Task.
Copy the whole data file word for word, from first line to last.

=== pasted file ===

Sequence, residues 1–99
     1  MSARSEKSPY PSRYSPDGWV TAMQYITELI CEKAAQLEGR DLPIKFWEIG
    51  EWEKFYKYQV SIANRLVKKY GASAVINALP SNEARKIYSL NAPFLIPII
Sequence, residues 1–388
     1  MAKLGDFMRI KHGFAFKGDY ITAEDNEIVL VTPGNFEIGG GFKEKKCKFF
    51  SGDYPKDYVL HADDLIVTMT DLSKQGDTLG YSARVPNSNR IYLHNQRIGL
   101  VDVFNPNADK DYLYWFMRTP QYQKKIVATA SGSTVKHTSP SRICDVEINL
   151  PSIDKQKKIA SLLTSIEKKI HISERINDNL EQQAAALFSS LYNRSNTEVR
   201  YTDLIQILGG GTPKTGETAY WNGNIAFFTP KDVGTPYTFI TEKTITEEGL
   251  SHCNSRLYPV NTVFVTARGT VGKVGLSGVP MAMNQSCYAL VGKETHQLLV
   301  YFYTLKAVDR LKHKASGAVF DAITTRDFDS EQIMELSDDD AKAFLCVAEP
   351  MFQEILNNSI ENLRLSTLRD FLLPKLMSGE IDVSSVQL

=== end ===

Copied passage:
Sequence, residues 1–99
     1  MSARSEKSPY PSRYSPDGWV TAMQYITELI CEKAAQLEGR DLPIKFWEIG
    51  EWEKFYKYQV SIANRLVKKY GASAVINALP SNEARKIYSL NAPFLIPII
Sequence, residues 1–388
     1  MAKLGDFMRI KHGFAFKGDY ITAEDNEIVL VTPGNFEIGG GFKEKKCKFF
    51  SGDYPKDYVL HADDLIVTMT DLSKQGDTLG YSARVPNSNR IYLHNQRIGL
   101  VDVFNPNADK DYLYWFMRTP QYQKKIVATA SGSTVKHTSP SRICDVEINL
   151  PSIDKQKKIA SLLTSIEKKI HISERINDNL EQQAAALFSS LYNRSNTEVR
   201  YTDLIQILGG GTPKTGETAY WNGNIAFFTP KDVGTPYTFI TEKTITEEGL
   251  SHCNSRLYPV NTVFVTARGT VGKVGLSGVP MAMNQSCYAL VGKETHQLLV
   301  YFYTLKAVDR LKHKASGAVF DAITTRDFDS EQIMELSDDD AKAFLCVAEP
   351  MFQEILNNSI ENLRLSTLRD FLLPKLMSGE IDVSSVQL